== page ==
Any Multiplayer focused game will only be as good as the team you sign up with or the monster you play against. Evolve is a case in point.
Evolve is a game of four on one, the four in question are hunters, each with their own class; Medic, Trapper, Support and Assault. The one is the monster, chosen from a range of fearsome creatures that tower way above the hunters and have access to some powerful attack moves.
Just as with EA’s Titanfall, Evolve lives or dies by the working of your team and the communication (or lack thereof) with them. The game does its best, though, to help gel a team together and point them in the right direction.
Fortunately, for a game that requires you to play as one of the four types of hunter, each is just as important as the other and one of Evolve’s strongest elements is the balancing of these classes to make each one unique but also indispensable. It’s possible to win matches with just two hunters left but far harder than with everyone working together.
The Medic, often the weakest character in the game, is vitally important to keeping the team alive in the midst of a monster attack. The different characters within this class have the ability to either revive dead team-mates (or other survivors in some modes) while cloaked or shoot a healing blast from a distance and tranquilise the monster with darts. Likewise, each of the other classes are further split into different characters with differing abilities. There’s plenty of choice to suit fussy gamers here.
But it’s not just about choosing something that gels best, the game’s balancing act forces you to think carefully about the whole of your team. Where a strong but slow Assault character works well with a faster Support and long range Medic, the dynamics are changed completely if the person charged with playing as Assault changes their mind and chooses a completely different selection. This is the first indication that communicating with team mates from the off is essential and while playing with friends isn’t always possible, it’s best try to spark some banter early on, even with strangers.
Likewise, the Monster isn’t quite as straightforward as a choice of skin or being plonked down on the game world to do some damage. The different monster types all have their own set of powers and every one of the monsters starts off with weak armour. The clue is in the title of the game, the player who takes on the mantle of the monster needs to find food as fast as possible, usually in the form of the game’s wildlife, and evolve into something much more powerful before turning the tables on the hunting team.
At the third stage of evolution the player is given a choice; either hunt down and kill the whole team or destroy the generators. Either option completes the game in the monster’s favour and both come with a risk, though it’s lessened by the evolved state being pretty damn powerful.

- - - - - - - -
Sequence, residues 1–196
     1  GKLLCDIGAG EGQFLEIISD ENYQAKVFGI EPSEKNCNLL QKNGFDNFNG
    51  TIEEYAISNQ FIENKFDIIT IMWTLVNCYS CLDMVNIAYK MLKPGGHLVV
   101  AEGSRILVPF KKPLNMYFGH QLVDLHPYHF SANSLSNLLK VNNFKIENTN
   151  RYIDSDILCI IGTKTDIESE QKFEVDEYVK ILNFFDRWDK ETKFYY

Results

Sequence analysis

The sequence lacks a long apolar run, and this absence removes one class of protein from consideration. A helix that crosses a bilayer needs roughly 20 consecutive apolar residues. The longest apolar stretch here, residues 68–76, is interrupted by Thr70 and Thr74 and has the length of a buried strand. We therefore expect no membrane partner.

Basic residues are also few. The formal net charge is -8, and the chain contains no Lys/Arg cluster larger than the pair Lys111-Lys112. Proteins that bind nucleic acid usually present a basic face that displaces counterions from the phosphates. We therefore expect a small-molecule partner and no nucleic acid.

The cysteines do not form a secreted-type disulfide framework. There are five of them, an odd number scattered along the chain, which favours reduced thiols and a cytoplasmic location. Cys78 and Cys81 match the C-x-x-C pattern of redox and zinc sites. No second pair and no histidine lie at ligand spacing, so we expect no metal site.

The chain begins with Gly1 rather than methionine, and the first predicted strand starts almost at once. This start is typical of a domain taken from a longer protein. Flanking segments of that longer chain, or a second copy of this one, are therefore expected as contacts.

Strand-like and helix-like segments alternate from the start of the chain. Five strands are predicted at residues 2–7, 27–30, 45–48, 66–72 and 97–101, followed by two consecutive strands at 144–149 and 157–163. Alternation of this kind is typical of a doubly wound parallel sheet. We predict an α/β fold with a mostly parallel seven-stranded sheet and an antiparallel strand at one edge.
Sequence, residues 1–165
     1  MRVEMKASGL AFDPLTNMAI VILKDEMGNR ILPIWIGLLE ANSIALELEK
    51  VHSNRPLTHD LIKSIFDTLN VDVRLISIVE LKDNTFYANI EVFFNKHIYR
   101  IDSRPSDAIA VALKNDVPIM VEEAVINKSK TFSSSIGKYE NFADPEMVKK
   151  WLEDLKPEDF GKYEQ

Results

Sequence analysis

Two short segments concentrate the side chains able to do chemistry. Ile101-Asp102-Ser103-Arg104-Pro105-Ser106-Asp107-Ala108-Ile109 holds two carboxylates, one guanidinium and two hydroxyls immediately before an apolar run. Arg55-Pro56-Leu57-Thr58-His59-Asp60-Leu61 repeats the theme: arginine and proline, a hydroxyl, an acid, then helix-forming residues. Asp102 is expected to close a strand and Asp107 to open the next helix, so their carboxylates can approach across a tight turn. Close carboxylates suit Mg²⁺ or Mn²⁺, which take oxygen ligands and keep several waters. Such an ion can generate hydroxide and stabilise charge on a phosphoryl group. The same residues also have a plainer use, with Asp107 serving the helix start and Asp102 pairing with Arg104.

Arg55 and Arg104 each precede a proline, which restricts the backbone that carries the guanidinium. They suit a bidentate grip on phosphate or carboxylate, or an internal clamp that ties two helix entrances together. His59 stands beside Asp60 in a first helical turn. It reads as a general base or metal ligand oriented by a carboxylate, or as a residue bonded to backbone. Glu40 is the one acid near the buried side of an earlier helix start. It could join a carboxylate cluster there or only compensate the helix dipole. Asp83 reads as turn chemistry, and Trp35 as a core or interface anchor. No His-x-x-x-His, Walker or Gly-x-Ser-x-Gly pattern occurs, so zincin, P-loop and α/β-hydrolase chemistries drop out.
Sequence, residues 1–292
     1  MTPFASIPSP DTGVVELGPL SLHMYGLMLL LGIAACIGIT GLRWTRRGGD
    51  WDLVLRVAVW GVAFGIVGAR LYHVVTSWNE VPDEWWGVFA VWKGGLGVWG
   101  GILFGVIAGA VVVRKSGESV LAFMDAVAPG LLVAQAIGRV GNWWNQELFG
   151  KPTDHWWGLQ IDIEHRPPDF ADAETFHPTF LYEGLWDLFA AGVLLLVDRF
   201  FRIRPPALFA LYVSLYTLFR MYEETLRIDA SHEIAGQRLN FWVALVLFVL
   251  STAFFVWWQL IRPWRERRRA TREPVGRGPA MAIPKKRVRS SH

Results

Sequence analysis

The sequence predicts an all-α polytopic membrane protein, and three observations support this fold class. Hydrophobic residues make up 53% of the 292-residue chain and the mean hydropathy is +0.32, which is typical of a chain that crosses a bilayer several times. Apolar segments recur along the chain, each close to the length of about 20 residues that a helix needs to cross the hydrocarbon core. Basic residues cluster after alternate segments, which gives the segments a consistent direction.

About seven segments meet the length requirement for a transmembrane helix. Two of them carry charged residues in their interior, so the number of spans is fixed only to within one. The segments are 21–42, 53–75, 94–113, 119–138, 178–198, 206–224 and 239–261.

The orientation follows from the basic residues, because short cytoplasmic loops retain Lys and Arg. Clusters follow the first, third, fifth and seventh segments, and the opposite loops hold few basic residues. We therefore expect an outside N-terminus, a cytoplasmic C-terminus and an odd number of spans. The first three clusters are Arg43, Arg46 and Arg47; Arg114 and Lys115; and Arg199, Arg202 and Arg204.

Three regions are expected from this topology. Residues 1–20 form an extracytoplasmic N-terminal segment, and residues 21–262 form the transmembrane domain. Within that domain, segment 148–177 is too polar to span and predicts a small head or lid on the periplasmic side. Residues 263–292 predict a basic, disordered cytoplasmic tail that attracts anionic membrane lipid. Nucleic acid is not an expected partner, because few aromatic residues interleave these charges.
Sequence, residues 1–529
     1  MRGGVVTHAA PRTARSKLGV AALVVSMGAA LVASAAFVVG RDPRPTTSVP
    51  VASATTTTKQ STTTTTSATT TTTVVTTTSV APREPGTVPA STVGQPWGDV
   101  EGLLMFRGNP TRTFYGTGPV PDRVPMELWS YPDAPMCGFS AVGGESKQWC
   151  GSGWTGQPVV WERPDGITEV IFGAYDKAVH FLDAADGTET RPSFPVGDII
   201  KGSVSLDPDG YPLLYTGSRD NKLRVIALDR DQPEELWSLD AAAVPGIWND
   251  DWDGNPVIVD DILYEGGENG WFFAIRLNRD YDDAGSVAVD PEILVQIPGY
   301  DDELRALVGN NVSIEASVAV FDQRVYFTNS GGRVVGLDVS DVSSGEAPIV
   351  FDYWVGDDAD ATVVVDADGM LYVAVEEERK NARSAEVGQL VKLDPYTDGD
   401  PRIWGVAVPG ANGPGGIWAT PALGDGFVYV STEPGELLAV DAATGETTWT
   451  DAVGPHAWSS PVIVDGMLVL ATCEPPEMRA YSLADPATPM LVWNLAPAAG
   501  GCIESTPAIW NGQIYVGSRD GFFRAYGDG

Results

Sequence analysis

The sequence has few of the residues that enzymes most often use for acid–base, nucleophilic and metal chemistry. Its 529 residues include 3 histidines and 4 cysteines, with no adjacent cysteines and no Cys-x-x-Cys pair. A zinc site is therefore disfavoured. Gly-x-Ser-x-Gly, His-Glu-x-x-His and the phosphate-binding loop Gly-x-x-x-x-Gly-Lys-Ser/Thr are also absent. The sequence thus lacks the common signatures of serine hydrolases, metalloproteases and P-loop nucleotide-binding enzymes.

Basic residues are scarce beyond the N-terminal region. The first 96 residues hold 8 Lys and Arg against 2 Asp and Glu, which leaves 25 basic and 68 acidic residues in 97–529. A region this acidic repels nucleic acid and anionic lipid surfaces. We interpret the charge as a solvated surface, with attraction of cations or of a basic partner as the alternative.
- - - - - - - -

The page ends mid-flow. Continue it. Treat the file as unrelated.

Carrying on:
Despite the game’s balancing system working well to ensure an interesting fight, there are some elements that can let Evolve down. For one, the first half of each game on the standard Hunt mode is usually a trudge through the forests to track down the monster, using clues such as disturbed flocks of birds or tracks that glow. It can turn into a slow trudge if the monster player is good at their job. Likewise, the monster has to feed and stay out of harm’s way if the player wants to survive for very long.
If all goes right, though, the culminating battles can be beautiful. Assuming everyone works together there’s a great sense of triumph in killing the monster. This is even more pronounced in Evolve’s unique Evacuation mode. Taking place over five matches of differing types, players vote for a type and area of the map, from the Defend mode, where the hunters will need to stop the monster and some minions from destroying generators, to Rescue, where the Medic with the power to revive dead survivors is essential, and Nest, where eggs need to be destroyed by the hunters or hatched by the monster.
This change of modes mixes gameplay up nicely and adds yet another tactic to the game in that the winners will determine a particular perk in the next level by completing something in the last. Stop the monster destroying a generator in your last game and the hunters will have the benefit of turrets protecting them in the next, or manage to hatch eggs as the monster and the minions will be there to help you on the next map. There are plenty of different scenarios and outcomes which can often surprise and delight players who complete these objectives.
With friends or a good team of online players, then, Evolve is a great take on the team-based online game and the Evacuation mode adds a new twist to the multi-level game idea. Yet, it still comes down to how well a team works together and how much camaraderie can be found in each online game. Find the right team and Evolve can be great, play in silence and it can feel like a slog.
– A new take on the multi-level online game
– Great fun with a team of friends
– Classes are well balanced
– Unlocking more characters mixes up the dynamic
– Not so fun with strangers who don’t play together
– Initial parts of the game can feel slow and a slog
- A new take on the multi-level online game - Great fun with a team of friends - Classes are well balanced - Unlocking more characters mixes up the dynamic
- Great fun with a team of friends
- Classes are well balanced
- Unlocking more characters mixes up the dynamic
- Not so fun with strangers who don't play together
- Initial parts of the game can feel slow and a slog
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